“There is no other tournament like it in Texas,” says Hardin-Simmons University professor of fitness and sport sciences, Dr. Ron Rainwater. The Polk-Key City Girls Basketball Classic, held in Abilene since 1952, will bring approximately 300 high school girls’ basketball players, coaches, and team managers to represent just about every geographic region of Texas says Rainwater.
The Polk-Key City tournament has a bit of an unusual history as well. In 1952 Hardin-Simmons University began hosting a girl's invitational basketball tournament under the direction of its founder, Dr. Otho Polk, professor of physical education and recreation. In 1975, the Abilene Independent School District initiated the Key City Invitational Girls Basketball Tournament and enjoyed success for many years.
Because of scheduling conflicts, the two tournaments eventually fell on the same dates.
In order to eliminate the competition between Hardin-Simmons and Abilene ISD, the two institutions decided to combine their efforts to produce what has been called one of the finest high school girl's invitational tournaments in the state. The tournament became known as the Polk-Key City Invitational High School Girls Basketball Classic and is dedicated to the memory of Dr. Otho M. Polk, who not only taught at Hardin-Simmons for 51 years, but also served as tournament director for 30 years.
Rainwater, the tournament’s current director, says, “One of the values of the tournament to the teams is no entry fee. Teams are guaranteed to play at least four games and players get the experience of traveling and playing teams they will never see in their districts. That gives players the opportunity to see different offenses and defenses, plus the players have nice accommodations at the MCM Elegante and they get to play on a university campus.”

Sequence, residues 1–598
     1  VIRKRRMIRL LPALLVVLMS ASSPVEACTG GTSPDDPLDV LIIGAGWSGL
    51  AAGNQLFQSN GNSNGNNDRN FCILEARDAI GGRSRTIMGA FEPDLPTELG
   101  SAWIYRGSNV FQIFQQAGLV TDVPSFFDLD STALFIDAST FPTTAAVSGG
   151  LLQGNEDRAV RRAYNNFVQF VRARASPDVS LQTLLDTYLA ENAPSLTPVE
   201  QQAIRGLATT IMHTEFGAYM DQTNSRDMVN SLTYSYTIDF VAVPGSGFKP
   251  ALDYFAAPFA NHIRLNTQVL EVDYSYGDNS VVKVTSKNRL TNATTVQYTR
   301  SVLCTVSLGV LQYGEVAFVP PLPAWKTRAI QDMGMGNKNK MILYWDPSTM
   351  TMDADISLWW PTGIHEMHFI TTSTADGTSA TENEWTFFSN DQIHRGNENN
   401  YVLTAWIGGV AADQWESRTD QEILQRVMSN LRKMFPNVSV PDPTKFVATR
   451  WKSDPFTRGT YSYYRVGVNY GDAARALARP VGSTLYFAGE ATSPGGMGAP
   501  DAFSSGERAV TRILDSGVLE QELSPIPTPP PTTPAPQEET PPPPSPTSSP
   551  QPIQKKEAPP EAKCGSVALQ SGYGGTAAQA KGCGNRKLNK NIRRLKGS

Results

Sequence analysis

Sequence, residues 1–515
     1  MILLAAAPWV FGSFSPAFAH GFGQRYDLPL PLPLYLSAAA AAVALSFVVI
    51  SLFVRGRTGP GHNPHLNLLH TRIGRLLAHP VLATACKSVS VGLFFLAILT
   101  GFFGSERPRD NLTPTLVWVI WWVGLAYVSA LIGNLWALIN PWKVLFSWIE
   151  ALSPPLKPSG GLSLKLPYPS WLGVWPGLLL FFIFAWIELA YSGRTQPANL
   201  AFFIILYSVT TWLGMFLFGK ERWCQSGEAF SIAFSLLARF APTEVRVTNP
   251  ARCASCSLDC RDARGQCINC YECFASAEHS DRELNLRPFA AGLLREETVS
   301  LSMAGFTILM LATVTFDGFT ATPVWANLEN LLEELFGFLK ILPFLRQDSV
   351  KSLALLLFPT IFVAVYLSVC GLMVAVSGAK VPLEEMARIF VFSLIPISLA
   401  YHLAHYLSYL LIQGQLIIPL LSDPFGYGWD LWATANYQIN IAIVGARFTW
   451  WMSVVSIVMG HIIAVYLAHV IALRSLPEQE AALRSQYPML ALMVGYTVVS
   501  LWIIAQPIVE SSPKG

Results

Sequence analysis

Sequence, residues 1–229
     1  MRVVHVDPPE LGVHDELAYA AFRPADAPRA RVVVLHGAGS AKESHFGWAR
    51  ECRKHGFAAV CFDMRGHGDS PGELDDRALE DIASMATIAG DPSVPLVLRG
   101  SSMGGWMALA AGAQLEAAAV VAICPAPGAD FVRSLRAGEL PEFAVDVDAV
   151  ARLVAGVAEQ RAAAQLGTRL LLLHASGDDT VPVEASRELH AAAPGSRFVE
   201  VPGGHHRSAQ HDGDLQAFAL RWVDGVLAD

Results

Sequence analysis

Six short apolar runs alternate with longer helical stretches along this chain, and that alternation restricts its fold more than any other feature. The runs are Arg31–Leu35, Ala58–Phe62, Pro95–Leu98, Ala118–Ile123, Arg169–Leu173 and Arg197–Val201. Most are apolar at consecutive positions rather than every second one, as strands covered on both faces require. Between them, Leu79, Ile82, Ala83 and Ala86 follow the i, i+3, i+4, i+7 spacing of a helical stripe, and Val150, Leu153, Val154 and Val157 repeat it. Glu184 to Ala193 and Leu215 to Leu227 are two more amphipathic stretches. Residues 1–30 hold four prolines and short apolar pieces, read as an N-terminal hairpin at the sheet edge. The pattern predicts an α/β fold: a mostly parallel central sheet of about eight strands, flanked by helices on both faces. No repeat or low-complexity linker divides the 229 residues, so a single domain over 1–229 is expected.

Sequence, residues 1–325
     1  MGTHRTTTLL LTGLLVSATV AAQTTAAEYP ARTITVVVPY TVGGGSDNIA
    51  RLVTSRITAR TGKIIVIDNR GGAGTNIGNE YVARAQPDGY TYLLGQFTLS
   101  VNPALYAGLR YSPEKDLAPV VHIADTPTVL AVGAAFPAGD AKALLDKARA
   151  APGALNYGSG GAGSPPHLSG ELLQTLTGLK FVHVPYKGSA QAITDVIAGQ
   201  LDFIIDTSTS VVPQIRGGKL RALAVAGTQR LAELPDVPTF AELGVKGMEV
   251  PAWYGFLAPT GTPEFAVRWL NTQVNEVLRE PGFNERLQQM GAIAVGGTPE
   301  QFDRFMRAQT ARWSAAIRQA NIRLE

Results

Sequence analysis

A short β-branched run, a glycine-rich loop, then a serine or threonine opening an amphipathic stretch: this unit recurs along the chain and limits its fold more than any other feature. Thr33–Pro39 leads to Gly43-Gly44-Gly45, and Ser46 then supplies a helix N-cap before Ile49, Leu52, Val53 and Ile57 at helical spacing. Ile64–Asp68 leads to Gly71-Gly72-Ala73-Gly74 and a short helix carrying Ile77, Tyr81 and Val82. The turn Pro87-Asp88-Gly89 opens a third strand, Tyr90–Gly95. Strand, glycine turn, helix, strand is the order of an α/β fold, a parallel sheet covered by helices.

Likewise, the tournament is valuable to HSU fitness and sport sciences majors, says Rainwater, “It gives our sports leadership students direct hands-on management experience with a tournament before they graduate and an opportunity to put into practice management strategies they have learned. The tournament also serves as a unique way to develop Christ-like servant leaders.”
About 40 HSU students are directly involved as part of the senior management class in the fitness and sport sciences program. HSU students will each serve about 12 hours during the tournament and that doesn’t include planning or classroom time.
Rainwater says, “The tournament is a tremendous economic windfall for Abilene and we love being a part of that. The tournament has many sponsors and is truly a community event. The Abilene Convention and Visitors Bureau helps with promotion of the event and provides gift bags for the teams.
When we get through with this tournament, we turn around and begin planning for next year’s tournament.” Rainwater also says there are a number of unique things in the works that will make the event even more valuable to the community in the future.
The tournament starts on Thursday, November 21, 2013, and goes through Saturday, November 23, with the last of the 32 games played at 8 p.m. in the HSU Mabee Gym. As a part of the partnership between AISD and HSU, games are also held at Cooper High School and Abilene High School.
Teams come from the Dallas-Fort Worth area, El Paso, Wichita Falls, Odessa, Lubbock, Amarillo, San Antonio, and Houston. Local teams include Abilene and Cooper, as well as Jim Ned.
“I am confident there is no other tournament with this geographic representation anywhere else in the state,” says Rainwater. “These teams do some serious traveling. That makes this tournament pretty special.”
Information provided by HSU athletics department.